predatory

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pred·a·to·ry

 (prĕd′ə-tôr′ē)
adj.
1. Living or characterized by preying on other animals: a predatory insect; predatory instincts.
2.
a. Living or characterized by plundering, pillaging, or marauding.
b. Living or characterized by the exploitation of others for personal gain: predatory business practices.

[Latin praedātōrius, plundering, from praedārī, to plunder, from praeda, booty; see ghend- in Indo-European roots.]

pred′a·to′ri·ly adv.
pred′a·to′ri·ness n.

predatory

(ˈprɛdətərɪ; -trɪ)
adj
1. (Zoology) zoology another word for predacious1
2. of, involving, or characterized by plundering, robbing, etc
[C16: from Latin praedātōrius rapacious, from praedārī to pillage, from praeda booty]
ˈpredatorily adv
ˈpredatoriness n

pred•a•to•ry

(ˈprɛd əˌtɔr i, -ˌtoʊr i)

adj.
1. preying upon other organisms for food.
2. characterized by plunder, robbery, or exploitation: predatory tactics.
3. engaging in or living by these activities: predatory bands of brigands.
4. acting with or indicative of rapacious, greedy, or selfish motives.
[1580–90; < Latin praedātōrius. See predator, -tory1]
pred`a•to′ri•ly, adv.
pred′a•to`ri•ness, n.
ThesaurusAntonymsRelated WordsSynonymsLegend:
Adj.1.predatory - characterized by plundering or pillaging or maraudingpredatory - characterized by plundering or pillaging or marauding; "bands of marauding Indians"; "predatory warfare"; "a raiding party"
offensive - for the purpose of attack rather than defense; "offensive weapons"
2.predatory - living by preying on other animals especially by catching living preypredatory - living by preying on other animals especially by catching living prey; "a predatory bird"; "the rapacious wolf"; "raptorial birds"; "ravening wolves"; "a vulturine taste for offal"
aggressive - having or showing determination and energetic pursuit of your ends; "an aggressive businessman"; "an aggressive basketball player"; "he was aggressive and imperious; positive in his convictions"; "aggressive drivers"
3.predatory - living by or given to victimizing others for personal gain; "predatory capitalists"; "a predatory, insensate society in which innocence and decency can prove fatal"- Peter S. Prescott; "a predacious kind of animal--the early geological gangster"- W.E.Swinton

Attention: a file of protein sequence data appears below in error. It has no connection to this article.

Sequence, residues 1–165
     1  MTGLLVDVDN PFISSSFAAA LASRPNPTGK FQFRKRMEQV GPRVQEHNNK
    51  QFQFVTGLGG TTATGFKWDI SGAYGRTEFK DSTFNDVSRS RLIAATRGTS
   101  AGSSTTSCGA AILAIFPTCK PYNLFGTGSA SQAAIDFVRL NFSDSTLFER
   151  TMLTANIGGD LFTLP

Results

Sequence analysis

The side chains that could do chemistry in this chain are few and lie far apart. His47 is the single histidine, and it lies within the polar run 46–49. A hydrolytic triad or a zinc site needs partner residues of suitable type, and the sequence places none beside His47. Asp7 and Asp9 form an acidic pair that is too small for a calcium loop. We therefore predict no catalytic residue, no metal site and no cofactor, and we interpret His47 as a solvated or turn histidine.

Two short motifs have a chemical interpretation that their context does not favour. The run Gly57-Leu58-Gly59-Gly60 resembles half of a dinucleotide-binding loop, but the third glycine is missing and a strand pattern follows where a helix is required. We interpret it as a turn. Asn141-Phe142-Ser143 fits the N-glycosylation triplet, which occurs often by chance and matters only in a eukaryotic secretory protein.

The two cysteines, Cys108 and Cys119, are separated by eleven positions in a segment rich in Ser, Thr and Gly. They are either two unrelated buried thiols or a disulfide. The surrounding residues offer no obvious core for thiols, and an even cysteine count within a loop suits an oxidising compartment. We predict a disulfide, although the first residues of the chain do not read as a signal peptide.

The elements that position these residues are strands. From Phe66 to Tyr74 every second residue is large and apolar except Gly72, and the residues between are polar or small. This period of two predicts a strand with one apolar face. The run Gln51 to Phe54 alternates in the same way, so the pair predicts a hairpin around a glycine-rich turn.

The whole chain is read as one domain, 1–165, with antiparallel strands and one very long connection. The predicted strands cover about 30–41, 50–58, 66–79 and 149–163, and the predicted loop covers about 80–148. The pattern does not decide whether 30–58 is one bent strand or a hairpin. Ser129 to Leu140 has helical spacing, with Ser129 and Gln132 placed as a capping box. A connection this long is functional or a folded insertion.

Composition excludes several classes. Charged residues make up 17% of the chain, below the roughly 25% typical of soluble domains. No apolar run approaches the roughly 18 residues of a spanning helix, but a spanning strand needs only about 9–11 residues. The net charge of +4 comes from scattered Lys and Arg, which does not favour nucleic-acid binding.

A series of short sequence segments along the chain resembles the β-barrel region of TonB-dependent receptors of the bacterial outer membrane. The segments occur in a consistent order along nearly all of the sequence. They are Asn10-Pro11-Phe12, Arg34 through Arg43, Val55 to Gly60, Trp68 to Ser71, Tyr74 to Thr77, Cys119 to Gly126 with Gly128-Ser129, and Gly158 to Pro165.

acquisitive - eager to acquire and possess things especially material possessions or ideas; "an acquisitive mind"; "an acquisitive society in which the craving for material things seems never satisfied"

predatory

adjective
1. hunting, ravening, carnivorous, rapacious, raptorial, predacious predatory birds like the eagle
3. rapacious, greedy, voracious, vulturous, vulturine predatory business practices
Translations
مُفْتَرِس، ضار
dravý
rán-
dravý

predatory

[ˈpredətərɪ] ADJ [animal] → depredador; [bird] → de presa, rapaz; [person] → rapaz; [look] → devorador

predatory

[ˈprɛdətəri] adj
[bird, fish, animal] → prédateur/trice
[company, man, woman] → prédateur/trice

predatory

adj
(= involving killing) attack, tribe, behaviourräuberisch; predatory animalRaubtier nt; predatory instinctRaubtierinstinkt m
(financially etc) person, behaviourraubtierhaft
(sexually) personraubtierhaft; he has a predatory attitude toward(s) all the girls in the officeer betrachtet alle Mädchen im Büro als Freiwild

predatory

[ˈprɛdətrɪ] adj (animal) → rapace, predatore/trice; (habits, army) → rapace; (person, look) → avido/a, cupido/a

predator

(ˈpredətə) noun
a bird, eg a hawk, or animal, eg a lion, that attacks and kills others for food.
ˈpredatory adjective
living by attacking and feeding on others. a predatory animal.
References in periodicals archive ?
Ali Zafar as the bewildered Pakistani boyfriend and Kirron Kher as his scattered mother-in-law-to-be project a prowling predatoriness to their scenes together.
A male nurse caring for a male patient can arouse fears of homosexuality or the fear of sexual predatoriness or paedophilia when caring for women or children.
Contrary to the popular image of the innocent masses, corruption and predatoriness are not found exclusively amongst the powerful.
Spencer argues that Auden's affectionate sobriquet for Yeats, "the eagle," is fitting insofar as Yeats was gifted with "far-sightedness, predatoriness and a certain grandeur" and soared above the confines of nationalism with a "freedom from locality and restraint" (90).
Lamming's authorial intention is to demonstrate that from a relatively weak and disadvantaged position of lack of knowledge about the predatoriness and parasitism of colonialism and imperialism, the people of Creighton village and, indeed, Barbados have reached their epiphany, just like the hero has also come of age to be able to define and re-define his milieu and his Caribbeanness.
As the son of a zookeeper, Pi witnessed the routine cruelty to animals that would lead him, as an adult, to observe of human beings: "our species' excessive predatoriness has made the entire planet our prey" (31).
Its illustration of protracted adolescence, sexual predatoriness, selfishness, emotional insecurity and competitiveness no longer has anything fresh to teach us.